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RSM public health experts respond to vaping tax announcement

Professor Maggie Rae, President, and Dr Nicola Stingelin-Giles, council member, of the Epidemiology & Public Health Section, Royal Society of Medicine, respond to the announcement of a tax on vaping in the Spring Budget 2024.

Smoking tobacco is the biggest cause of entirely preventable illness and death in the UK. Helping people stop smoking is one of the best things we can do for people’s health and, therefore, is a public health priority.  

Vapes, or e-cigarettes, that contain nicotine can be effective tools to aid this. While vaping is not risk-free, and more research is needed to fully understand the health effects, the harms are known to be substantially less than those of smoking tobacco.  

The rise in uptake of vaping amongst non-smokers – and particularly children and young people - is an area of huge concern and we welcome efforts to address this. These include the proposed ban on disposable vapes, and restrictions on flavours and packaging, aimed directly at making vaping less attractive for younger people.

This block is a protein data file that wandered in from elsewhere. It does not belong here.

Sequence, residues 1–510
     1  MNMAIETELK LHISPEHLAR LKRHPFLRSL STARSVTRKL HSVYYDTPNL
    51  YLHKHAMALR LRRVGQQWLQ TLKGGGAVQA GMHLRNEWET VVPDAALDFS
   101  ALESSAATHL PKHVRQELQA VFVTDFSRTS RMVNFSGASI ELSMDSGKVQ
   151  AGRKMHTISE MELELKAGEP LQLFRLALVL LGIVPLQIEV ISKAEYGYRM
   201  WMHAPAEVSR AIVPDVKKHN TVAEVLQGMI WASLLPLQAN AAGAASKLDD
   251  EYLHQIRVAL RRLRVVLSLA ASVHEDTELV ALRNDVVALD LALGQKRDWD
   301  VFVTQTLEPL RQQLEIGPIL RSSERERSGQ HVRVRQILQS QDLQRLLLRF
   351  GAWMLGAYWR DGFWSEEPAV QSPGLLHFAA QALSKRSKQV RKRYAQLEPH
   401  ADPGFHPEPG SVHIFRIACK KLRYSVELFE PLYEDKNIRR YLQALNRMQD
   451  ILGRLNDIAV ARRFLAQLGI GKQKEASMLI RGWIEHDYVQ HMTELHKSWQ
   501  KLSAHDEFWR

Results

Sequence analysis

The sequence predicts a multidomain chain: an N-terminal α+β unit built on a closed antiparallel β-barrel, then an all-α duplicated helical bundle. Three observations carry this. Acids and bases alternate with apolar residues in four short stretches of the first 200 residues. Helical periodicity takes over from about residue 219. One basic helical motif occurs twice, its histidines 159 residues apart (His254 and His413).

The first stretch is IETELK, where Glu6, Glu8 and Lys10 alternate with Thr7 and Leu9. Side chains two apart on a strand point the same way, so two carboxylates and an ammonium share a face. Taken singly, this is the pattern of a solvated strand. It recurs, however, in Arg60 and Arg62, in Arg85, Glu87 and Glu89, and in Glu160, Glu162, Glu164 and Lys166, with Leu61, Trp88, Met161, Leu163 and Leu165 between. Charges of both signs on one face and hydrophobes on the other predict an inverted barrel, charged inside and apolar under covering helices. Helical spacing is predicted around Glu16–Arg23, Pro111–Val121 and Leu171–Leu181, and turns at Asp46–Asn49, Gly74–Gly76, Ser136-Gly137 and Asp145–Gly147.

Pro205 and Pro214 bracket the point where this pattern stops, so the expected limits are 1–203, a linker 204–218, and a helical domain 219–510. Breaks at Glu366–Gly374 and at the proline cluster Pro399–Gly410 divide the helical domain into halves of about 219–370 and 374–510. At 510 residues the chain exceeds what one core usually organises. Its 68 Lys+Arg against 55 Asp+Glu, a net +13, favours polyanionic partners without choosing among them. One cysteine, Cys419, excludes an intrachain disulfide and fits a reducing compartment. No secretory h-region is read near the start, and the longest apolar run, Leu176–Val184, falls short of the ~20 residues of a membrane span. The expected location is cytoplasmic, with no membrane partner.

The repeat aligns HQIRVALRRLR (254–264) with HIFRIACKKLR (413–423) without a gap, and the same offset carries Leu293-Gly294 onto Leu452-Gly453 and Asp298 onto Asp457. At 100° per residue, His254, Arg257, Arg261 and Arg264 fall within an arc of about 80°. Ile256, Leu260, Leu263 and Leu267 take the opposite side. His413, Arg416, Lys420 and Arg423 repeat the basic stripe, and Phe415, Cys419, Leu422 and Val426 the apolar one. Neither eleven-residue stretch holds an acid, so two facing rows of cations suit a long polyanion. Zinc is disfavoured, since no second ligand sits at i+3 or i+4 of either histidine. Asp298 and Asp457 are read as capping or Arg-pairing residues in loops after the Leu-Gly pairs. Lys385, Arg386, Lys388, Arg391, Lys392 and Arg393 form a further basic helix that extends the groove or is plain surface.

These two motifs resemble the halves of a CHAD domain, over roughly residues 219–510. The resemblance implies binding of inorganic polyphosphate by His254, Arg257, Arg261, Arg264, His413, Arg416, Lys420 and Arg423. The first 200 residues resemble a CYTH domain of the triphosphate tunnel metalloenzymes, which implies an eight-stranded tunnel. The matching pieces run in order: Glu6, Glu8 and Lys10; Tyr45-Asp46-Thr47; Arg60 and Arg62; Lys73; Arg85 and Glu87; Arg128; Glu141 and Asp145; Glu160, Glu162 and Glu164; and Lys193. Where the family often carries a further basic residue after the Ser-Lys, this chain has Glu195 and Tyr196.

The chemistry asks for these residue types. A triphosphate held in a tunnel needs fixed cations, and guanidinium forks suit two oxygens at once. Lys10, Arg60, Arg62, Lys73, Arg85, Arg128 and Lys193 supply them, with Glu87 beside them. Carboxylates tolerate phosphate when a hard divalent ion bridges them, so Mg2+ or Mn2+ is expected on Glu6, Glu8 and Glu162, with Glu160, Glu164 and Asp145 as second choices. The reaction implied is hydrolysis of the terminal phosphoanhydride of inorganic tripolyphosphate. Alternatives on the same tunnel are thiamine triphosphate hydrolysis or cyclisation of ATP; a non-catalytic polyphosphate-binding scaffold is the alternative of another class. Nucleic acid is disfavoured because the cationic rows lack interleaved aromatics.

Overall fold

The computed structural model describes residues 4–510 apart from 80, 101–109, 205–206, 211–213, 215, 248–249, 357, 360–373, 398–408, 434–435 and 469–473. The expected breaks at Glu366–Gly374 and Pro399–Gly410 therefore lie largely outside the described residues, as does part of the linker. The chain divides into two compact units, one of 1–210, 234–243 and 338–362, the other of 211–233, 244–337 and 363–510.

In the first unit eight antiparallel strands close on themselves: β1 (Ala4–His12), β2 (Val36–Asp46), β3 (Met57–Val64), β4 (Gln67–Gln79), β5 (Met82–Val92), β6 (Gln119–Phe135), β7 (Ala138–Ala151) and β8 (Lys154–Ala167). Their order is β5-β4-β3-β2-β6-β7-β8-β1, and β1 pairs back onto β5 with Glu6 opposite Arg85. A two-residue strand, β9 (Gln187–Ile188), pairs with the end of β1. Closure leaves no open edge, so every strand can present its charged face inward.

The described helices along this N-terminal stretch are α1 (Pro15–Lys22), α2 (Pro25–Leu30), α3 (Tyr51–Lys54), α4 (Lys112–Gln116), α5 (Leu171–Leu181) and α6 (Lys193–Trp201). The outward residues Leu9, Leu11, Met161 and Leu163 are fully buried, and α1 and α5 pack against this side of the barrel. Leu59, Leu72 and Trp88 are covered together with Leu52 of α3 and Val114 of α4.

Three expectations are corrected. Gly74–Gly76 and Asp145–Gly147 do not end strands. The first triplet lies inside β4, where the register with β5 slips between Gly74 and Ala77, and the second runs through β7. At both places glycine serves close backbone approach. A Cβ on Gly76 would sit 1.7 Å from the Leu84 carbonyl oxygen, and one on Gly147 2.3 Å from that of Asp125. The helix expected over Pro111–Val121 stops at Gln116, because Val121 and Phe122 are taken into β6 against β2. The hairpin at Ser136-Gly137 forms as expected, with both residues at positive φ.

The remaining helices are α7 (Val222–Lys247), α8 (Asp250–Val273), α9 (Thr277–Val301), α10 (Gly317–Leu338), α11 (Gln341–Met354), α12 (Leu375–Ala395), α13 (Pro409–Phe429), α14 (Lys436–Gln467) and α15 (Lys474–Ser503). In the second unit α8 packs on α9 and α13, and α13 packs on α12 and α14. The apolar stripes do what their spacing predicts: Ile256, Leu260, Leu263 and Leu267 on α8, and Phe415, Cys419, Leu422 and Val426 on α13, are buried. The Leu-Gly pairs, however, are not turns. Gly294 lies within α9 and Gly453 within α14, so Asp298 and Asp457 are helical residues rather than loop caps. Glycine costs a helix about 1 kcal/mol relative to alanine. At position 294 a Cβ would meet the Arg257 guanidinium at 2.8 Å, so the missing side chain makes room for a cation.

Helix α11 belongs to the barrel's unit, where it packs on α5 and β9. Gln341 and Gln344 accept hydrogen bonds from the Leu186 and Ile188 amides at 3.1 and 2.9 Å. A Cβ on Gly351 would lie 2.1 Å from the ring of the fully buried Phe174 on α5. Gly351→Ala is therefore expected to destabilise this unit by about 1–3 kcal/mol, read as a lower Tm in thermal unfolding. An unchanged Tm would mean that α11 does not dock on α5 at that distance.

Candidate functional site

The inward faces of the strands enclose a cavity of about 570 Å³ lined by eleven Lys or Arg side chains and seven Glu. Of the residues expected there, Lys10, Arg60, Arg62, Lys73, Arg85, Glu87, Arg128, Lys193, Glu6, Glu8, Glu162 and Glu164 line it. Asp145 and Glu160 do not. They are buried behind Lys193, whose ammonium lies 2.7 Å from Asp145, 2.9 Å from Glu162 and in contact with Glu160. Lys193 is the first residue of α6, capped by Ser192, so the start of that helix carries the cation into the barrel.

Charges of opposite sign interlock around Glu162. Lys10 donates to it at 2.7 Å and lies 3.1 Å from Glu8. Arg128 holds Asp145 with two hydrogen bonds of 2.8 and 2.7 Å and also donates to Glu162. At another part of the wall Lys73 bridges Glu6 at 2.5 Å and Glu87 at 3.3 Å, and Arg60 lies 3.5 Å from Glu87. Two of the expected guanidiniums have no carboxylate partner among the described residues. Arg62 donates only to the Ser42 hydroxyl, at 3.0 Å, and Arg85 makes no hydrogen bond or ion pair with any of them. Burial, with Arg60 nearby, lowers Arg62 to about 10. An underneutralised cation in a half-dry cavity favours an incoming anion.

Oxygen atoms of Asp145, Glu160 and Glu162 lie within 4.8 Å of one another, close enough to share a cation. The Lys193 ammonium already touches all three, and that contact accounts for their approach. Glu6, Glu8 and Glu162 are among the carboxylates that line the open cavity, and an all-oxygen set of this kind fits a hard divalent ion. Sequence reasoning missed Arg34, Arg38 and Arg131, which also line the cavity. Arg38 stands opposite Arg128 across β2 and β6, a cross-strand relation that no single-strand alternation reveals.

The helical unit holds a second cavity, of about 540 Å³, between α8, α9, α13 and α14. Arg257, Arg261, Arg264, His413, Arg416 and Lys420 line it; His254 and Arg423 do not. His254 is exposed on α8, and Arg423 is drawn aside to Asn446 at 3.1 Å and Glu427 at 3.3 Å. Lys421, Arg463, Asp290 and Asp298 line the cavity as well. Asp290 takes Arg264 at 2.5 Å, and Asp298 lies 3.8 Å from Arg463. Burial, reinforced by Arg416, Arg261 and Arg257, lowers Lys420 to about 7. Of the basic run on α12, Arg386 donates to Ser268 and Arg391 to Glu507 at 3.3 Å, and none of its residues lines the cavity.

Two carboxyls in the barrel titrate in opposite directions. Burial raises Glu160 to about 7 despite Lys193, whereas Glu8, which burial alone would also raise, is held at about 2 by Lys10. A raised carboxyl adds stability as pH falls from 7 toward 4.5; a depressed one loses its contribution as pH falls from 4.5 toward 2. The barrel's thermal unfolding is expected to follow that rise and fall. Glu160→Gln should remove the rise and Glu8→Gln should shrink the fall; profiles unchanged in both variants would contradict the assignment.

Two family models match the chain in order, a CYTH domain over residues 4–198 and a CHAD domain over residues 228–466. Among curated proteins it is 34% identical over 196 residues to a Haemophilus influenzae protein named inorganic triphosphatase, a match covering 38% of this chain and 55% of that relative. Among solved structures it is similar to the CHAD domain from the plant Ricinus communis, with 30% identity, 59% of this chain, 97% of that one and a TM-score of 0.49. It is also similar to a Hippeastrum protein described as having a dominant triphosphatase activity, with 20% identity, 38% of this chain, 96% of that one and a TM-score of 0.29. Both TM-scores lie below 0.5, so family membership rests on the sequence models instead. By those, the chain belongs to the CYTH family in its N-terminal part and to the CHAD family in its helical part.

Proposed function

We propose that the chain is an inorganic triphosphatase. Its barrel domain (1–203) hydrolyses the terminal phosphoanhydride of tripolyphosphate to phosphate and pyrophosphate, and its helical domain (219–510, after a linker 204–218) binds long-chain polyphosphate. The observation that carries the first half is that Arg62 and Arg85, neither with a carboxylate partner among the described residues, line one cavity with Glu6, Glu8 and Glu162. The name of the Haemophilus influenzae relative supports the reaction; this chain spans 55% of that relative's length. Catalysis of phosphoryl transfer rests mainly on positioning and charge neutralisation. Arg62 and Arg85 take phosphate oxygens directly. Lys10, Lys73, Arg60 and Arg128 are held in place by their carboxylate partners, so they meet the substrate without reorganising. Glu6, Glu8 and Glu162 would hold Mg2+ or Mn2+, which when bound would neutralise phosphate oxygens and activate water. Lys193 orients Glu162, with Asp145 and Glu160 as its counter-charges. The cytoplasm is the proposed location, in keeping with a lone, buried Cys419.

But it’s imperative we ensure medicinal use of vapes to aid people to stop smoking continues to be encouraged, as smoking cessation remains the matter of greater importance. 

Introducing a tax which makes vaping more expensive must be carefully considered to ensure the positives are not outweighed by any resulting harmful effects on health, especially where there is a risk of widening inequity in our society. It’s important we focus smoking cessation efforts on helping those people in the most at-risk groups who stand to lose the most. 

This is a complex area with no easy decisions, but the primary goal has to be delivering the greatest health benefits for the public. We welcome the debate on the best means of doing this. 

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